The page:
• The UPA government in 2009 said that the CBDT had placed a PR professional, under surveillance due to fears of her being a foreign spy. Later on, the CBDT did not prosecute the person.
• Such examples of unlawful surveillance which seem to be for political and personal gain are antithetical to the basic creed of democracy. Consequently, they also bring up the need for ensuring that the surveillance is necessary and proportionate.
In India, there is a well established procedure through which lawful interception of electronic communication is carried out for the purpose of national security, particularly on the occurrence of any public emergency or in the interest of public safety, by agencies at the Centre and States.
The requests for these lawful interception of electronic communication are made as per relevant rules under the provisions of section 5(2) of Indian Telegraph Act,1885 and section 69 of the Information TechnologyAct, 2000.
Each case of interception or monitoring is approved by the competent authority. These powers are also available to the competent authority in the state governments as per IT (Procedure and Safeguards for Interception, monitoring and Decryption of Information) Rules, 2009.
There is an established oversight mechanism in the form of a review committee headed by the Union Cabinet Secretary. In case of state governments, such cases are reviewed by a committee headed by the Chief Secretary concerned. The law also provides an adjudication process for those adversely affected by any incident.
Legislations on Surveillance
• The laws authorising interception and monitoring of communications are:
• Section 92 of the Criminal Procedure Code (CrPC)
• Rule 419A of the Telegraph Rules, and
• The rules under Sections 69 and 69B of the IT Act

Who can conduct Surveillance?
A limited number of agencies are provided powers to intercept and monitor.
In 2014, the Ministry of Home Affairs told Parliament that nine central agencies and the DGPs of all States and Delhi were empowered to conduct interception under the Indian Telegraph Act.
In 2018, 9 central agencies and 1 State agency were authorised to conduct intercepts under Section 69 of the IT Act.
The Intelligence Organisations Act, which restricts the civil liberties of intelligence agency employees, only lists four agencies. However, the RTI Act lists 22 agencies as “intelligence and security organisations established by the central government” that are exempt from the RTI Act.
K.S. Puttaswamy judgment, 2017 regarding Surveillance
• The K.S. Puttaswamy judgment, 2017, made it clear that any invasion of privacy could only be justified if it satisfied three tests:
• The restriction must be by law;
• It must be necessary (only if other means are not available) and proportionate (only as much as needed);
• It must promote a legitimate state interest (e.g., national security).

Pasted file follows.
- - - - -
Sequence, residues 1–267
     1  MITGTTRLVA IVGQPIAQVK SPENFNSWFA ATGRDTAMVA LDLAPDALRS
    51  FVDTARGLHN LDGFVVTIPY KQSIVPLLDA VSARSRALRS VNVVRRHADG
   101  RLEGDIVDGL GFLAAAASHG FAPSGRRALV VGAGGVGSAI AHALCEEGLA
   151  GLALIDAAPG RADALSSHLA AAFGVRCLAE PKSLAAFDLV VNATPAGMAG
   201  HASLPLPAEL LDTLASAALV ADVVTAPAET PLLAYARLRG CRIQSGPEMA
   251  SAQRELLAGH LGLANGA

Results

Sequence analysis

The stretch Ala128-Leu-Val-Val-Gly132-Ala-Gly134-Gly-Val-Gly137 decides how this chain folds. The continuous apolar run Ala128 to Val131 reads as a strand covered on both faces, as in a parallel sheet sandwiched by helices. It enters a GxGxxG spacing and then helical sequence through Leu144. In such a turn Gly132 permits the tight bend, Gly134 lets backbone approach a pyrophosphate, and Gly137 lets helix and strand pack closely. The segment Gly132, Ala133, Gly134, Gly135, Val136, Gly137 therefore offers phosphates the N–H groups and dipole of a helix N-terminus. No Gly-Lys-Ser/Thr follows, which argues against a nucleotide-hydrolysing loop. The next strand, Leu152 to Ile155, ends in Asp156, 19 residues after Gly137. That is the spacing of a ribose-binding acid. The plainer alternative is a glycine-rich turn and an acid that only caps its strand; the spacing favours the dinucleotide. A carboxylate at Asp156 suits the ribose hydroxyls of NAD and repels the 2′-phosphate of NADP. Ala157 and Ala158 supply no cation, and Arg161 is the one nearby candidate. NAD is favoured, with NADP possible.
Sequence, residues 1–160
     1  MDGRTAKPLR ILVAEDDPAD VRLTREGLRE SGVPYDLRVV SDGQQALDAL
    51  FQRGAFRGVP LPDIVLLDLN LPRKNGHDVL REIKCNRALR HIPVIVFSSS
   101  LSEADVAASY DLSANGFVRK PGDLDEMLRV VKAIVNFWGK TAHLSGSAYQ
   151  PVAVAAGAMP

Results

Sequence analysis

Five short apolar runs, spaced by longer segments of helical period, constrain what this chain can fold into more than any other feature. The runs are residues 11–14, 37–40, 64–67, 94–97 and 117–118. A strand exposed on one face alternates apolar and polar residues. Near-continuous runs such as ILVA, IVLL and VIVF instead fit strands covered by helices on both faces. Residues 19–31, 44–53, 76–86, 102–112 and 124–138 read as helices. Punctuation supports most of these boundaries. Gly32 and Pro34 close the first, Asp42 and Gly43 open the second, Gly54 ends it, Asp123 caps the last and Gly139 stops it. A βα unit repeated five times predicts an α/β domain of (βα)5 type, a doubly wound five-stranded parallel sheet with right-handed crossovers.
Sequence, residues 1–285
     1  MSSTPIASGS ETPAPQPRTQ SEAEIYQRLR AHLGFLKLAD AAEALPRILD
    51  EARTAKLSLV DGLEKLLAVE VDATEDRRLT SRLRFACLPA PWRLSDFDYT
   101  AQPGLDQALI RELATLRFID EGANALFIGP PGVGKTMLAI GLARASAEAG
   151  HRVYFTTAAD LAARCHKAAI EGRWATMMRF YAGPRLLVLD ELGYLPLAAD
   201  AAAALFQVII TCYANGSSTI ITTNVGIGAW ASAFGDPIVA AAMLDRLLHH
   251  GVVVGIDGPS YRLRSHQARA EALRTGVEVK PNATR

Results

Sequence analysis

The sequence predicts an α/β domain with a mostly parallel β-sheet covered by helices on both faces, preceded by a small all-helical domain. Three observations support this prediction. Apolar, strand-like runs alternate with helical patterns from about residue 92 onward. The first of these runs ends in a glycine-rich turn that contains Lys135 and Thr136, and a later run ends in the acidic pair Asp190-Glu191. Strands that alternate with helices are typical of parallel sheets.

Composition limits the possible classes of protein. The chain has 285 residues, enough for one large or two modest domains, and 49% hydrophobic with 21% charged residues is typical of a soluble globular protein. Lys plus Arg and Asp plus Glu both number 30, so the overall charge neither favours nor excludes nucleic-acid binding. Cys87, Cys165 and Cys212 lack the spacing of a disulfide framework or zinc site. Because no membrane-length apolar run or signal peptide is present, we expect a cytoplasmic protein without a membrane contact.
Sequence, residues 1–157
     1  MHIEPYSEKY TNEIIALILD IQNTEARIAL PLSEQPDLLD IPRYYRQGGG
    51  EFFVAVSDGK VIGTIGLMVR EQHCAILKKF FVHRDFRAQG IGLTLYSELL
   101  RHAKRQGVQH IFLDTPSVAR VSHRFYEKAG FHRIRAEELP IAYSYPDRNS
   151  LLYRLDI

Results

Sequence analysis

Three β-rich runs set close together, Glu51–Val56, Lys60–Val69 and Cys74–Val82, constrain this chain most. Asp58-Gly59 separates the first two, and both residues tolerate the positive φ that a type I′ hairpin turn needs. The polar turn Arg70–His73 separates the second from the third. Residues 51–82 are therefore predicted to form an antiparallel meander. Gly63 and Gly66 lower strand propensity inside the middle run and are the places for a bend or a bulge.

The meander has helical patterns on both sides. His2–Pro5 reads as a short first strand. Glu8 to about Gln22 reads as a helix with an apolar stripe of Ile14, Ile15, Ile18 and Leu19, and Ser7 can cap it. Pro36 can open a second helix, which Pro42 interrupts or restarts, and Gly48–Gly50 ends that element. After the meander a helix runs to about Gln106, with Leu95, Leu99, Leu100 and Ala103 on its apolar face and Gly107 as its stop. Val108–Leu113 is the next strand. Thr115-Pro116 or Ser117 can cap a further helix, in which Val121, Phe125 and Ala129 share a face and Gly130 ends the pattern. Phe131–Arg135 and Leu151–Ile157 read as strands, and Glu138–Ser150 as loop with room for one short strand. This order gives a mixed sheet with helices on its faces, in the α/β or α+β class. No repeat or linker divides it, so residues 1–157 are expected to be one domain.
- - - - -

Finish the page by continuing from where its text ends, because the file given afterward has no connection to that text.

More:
• The judgement held that privacy concerns in this day and age of technology can arise from both the state as well as non-state entities. As such, a claim of violation of privacy lies against both of them.
• The Court also held that informational privacy in the age of the internet is not an absolute right and when an individual exercises his right to control over his data, it may lead to the violation of his privacy to a considerable extent.
It was also laid down that the ambit of Article 21 is ever-expanding due to the agreement over the years among the Supreme Court judges. A plethora of rights have been added to Article 21 as a result.
The court stated that Right to Privacy is an inherent and integral part of Part III of the Constitution that guarantees fundamental rights.The conflict in this area mainly arises between an individual’s right to privacy and the legitimate aim of the government to implement its policies. Thus, we need to maintain a balance while doing the same.
Various recommendations in the past regarding Surveillance
In 2010, then Vice-President called for a legislative basis for India’s agencies and the creation of a standing committee of Parliament on intelligence to ensure that they remain accountable and respectful of civil liberties.
The Cabinet Secretary in a note on surveillance in 2011 held that the Central Board of Direct Taxes having interception powers was a continuing violation of a 1975 Supreme Court judgment on the Telegraph Act.
In 2013, the Ministry of Defence-funded think-tank published a report which recommended that the intelligence agencies in India must be provided a legal framework for their existence and functioning; their functioning must be under Parliamentary oversight and scrutiny.
In 2018, the Srikrishna Committee on data protection noted that post the K.S. Puttaswamy judgment, most of India’s intelligence agencies are “potentially unconstitutional”. This is because they are not constituted under a statute passed by Parliament — the National Investigation Agency being an exception.
1. The capture of a handheld machine by Pegasus turns that into a real-time spy on the target who can be watched over and followed every step.
2. This surveillance is total, into their private and intimate lives, which have no bearing on any public interest.
3. Information obtained illegally may have been used to compromise institutions, to steal elections, sabotage Opposition campaigns, and even dislodge an Opposition government.